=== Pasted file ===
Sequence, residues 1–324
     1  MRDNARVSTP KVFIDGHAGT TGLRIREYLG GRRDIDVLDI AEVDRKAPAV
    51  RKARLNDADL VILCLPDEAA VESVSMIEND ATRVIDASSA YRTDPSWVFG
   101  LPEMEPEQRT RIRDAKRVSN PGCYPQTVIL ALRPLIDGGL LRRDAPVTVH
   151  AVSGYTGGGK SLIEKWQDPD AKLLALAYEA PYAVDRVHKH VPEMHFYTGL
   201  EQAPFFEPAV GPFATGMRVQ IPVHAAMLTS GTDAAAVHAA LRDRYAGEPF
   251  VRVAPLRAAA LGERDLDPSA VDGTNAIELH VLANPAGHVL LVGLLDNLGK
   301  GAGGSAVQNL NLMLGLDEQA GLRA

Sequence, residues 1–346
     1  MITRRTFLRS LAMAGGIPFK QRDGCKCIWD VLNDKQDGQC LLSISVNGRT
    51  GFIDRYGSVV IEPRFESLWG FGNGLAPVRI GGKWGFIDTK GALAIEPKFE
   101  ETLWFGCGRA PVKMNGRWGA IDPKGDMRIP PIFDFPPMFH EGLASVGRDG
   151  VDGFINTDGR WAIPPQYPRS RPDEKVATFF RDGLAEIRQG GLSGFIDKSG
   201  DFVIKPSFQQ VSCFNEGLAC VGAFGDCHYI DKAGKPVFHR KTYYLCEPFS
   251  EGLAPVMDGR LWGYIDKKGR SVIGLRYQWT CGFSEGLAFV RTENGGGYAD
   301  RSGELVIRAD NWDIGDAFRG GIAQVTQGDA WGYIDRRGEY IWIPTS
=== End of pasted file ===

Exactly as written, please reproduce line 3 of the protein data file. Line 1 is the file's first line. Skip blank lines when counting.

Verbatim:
    51  RKARLNDADL VILCLPDEAA VESVSMIEND ATRVIDASSA YRTDPSWVFG